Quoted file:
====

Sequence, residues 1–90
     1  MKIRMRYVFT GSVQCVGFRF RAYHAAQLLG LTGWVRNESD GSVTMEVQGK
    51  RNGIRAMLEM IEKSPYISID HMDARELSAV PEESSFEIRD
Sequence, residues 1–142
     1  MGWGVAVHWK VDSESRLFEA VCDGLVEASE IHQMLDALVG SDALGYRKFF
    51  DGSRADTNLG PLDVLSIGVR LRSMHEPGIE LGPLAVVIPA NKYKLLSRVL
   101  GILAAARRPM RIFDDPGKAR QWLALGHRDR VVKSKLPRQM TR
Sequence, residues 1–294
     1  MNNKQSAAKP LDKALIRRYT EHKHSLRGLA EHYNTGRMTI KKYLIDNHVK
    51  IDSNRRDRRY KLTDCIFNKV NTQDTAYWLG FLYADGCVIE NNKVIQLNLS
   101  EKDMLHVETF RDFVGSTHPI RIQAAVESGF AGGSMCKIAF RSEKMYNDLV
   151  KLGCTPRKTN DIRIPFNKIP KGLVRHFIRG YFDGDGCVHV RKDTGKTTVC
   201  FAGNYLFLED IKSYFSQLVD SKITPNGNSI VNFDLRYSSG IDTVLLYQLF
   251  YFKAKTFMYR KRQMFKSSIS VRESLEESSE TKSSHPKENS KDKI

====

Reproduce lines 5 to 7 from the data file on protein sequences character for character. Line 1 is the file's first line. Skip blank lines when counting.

     1  MGWGVAVHWK VDSESRLFEA VCDGLVEASE IHQMLDALVG SDALGYRKFF
    51  DGSRADTNLG PLDVLSIGVR LRSMHEPGIE LGPLAVVIPA NKYKLLSRVL
   101  GILAAARRPM RIFDDPGKAR QWLALGHRDR VVKSKLPRQM TR